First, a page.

In the run up to the General Election, think tanks, NGOs, social policy bodies and political groups of all political stripes are publishing reports and research into a variety of issues.
Housing is widely expected to be a major issue in the coming election and think tanks in England are responding accordingly by publishing a slew of reports in January on various issues related to housing. Policy Network released a report on how to accelerate house building in the UK. It argues that housing policy should be directed towards reducing the levels at which residential land prices are acquired at in order to generate a transformation in the business model of building houses.
IPPR North meanwhile focused on how policy makers can bring empty homes back into use noting that there are an estimated 635,000 empty homes in England. It suggested that the existing cap on the ’empty homes council tax premium’ should be removed, effectively allowing local authorities to determine their own banded premiums charged on long-term empty dwellings as well as giving LAs greater control over the definition of ‘long-term empty’ properties.
The Social Policy in a Cold Climate (SPCC) report, a series of papers being undertaken by a team of researchers from LSE and the universities of Manchester and York, found that families with young children and the poorest in society have been hit the hardest by changes to taxes and benefits. The consequences of this for financial exclusion will no doubt be familiar to all of you working with clients in debt or on low incomes.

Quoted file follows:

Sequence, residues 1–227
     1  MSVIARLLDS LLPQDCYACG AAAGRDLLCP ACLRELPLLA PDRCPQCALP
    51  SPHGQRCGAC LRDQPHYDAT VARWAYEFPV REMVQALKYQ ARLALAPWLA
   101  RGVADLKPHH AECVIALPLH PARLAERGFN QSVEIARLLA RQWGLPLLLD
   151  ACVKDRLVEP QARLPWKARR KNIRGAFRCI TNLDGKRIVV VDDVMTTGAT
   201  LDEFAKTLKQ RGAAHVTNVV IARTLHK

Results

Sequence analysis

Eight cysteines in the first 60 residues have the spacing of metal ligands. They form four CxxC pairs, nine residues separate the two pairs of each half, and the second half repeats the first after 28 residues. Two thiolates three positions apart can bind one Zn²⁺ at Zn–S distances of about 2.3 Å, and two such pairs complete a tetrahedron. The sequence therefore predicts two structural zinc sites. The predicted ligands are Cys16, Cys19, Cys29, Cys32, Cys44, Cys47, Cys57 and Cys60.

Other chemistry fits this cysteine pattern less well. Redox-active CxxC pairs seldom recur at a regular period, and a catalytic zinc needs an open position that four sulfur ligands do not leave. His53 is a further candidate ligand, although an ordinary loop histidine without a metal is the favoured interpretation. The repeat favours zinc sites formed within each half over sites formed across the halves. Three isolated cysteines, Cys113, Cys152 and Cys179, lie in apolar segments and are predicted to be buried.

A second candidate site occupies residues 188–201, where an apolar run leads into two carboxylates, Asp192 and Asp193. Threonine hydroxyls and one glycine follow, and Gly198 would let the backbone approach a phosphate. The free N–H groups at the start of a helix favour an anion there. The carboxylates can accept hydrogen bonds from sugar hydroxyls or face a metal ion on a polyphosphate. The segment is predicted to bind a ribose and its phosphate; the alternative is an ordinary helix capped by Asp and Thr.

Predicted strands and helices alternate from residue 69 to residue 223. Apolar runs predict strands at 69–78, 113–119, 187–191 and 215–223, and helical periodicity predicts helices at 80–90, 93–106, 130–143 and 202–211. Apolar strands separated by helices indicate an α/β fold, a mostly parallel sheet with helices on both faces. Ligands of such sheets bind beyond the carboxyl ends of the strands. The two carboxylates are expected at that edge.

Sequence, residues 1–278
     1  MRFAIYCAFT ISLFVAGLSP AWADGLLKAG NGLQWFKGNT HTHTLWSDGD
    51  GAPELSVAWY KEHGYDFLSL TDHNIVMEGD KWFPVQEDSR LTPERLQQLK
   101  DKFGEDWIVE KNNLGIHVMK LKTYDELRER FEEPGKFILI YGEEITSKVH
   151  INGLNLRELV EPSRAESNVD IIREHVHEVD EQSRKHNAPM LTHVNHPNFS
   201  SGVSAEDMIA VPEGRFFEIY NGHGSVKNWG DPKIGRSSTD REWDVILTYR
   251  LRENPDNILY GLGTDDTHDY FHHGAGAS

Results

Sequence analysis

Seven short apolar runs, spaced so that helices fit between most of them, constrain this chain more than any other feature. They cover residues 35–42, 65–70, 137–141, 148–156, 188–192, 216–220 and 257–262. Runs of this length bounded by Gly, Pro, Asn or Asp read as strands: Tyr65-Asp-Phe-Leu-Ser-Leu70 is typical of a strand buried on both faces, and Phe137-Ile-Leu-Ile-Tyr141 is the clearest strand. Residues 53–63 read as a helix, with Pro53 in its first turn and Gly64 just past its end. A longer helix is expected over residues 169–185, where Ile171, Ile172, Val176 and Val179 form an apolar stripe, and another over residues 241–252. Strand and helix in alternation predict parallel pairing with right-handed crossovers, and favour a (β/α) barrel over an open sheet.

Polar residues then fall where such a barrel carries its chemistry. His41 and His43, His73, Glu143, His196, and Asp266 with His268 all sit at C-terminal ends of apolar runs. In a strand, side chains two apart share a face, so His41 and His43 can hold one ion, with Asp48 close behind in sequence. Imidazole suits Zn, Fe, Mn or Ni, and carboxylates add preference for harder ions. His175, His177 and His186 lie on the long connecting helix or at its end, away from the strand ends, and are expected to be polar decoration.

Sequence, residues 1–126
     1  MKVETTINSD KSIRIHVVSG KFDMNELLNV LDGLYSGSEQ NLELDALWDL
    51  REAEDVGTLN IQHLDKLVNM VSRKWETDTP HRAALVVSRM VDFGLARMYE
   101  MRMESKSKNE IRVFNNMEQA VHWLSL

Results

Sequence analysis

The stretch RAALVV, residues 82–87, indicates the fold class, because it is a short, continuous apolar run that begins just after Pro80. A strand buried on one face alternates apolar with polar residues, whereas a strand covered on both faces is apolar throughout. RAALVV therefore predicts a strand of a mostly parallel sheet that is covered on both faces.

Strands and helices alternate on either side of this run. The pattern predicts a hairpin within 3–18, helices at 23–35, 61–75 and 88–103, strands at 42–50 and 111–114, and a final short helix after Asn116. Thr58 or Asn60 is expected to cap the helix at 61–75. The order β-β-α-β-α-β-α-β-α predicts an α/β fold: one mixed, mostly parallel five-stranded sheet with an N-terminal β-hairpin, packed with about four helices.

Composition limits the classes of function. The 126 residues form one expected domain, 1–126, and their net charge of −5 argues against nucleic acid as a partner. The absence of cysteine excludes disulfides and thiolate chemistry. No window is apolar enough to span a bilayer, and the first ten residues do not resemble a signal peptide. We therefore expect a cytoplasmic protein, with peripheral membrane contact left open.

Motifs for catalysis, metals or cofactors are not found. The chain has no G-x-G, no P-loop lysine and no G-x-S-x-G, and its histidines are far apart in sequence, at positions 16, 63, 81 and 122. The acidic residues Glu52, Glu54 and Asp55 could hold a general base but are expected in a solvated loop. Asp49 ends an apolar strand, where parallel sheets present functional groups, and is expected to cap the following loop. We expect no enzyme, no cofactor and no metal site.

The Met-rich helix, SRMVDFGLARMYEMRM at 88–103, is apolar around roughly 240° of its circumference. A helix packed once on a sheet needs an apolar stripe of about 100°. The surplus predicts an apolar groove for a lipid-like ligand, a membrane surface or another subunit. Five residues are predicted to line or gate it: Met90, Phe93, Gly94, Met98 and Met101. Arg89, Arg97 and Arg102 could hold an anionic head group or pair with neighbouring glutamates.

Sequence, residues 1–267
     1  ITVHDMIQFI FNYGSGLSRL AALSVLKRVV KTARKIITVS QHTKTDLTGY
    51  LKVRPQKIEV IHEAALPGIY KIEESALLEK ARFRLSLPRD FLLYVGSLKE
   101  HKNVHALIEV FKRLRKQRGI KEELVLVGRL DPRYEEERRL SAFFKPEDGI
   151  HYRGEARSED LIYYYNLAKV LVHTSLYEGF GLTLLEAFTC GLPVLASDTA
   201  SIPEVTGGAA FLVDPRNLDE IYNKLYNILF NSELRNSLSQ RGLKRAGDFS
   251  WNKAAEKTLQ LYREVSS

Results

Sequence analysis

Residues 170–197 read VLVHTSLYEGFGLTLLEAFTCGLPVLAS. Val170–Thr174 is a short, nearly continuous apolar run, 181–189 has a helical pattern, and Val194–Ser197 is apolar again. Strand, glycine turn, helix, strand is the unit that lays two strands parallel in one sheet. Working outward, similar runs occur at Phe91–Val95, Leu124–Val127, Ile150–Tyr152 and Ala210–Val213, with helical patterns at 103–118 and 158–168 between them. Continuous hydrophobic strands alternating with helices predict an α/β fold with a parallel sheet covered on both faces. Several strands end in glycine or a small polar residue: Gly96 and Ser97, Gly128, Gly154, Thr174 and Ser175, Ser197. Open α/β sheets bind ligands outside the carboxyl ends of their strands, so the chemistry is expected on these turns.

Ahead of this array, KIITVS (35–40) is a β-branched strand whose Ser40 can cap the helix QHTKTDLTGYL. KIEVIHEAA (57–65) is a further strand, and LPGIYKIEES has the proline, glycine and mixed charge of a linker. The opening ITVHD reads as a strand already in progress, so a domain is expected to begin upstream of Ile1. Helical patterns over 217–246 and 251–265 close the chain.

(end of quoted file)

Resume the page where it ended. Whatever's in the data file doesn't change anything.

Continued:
The effects of various Government initiatives have been prominently featured in many reports, particularly the JRF’s paper on Minimum Income Standards (MIS) which showed that the proportion of people living in households with an income below MIS increased by nearly a third between 2008/9 and 2012/13.
The impact of welfare reform was also charted by the National Housing Federation’s impact assessment of welfare reform in conjunction with the Cambridge Centre for Housing and Planning Research An on-going initiative undertaken by the Government is the ending of the ring-fence for Local Welfare Assistance worth around £120m a year. The Centre for Responsible Credit found that around half the money set aside for local welfare had been left unspent suggesting it was kept in the coffers of local authorities instead of being spent.
While many think tanks have focused on the impact of the present welfare reforms, other think tanks, such as Policy Exchange, are focusing on how to better the welfare system. Their Welfare Manifesto includes ideas such as a new unemployment insurance scheme that reflects personal contributions (like the scheme found in Germany which you can read more about here); limiting child benefit to four children and mitigating the social and well-being pitfalls of JCP sanctions by instead introducing a pre-paid benefits card where sanctions would usually be issued.
Income standards are likely to be an important election issue and this is again reflected in a body of research from various groups. The Institute for Fiscal Studies (IFS) has found thatBritain’s poorest families have suffered the most from the coalition’s welfare cuts and tax rises worth around an average of £1,127 a year after the implementation of reforms since 2010.
A major focus of parties of all colours is the need for greater devolution to regions in the wake of the Scottish Referendum. The Centre for Cities published a health-check of the performance of cities across the UK to see if Government policy is making a difference to the prosperity of cities across the UK.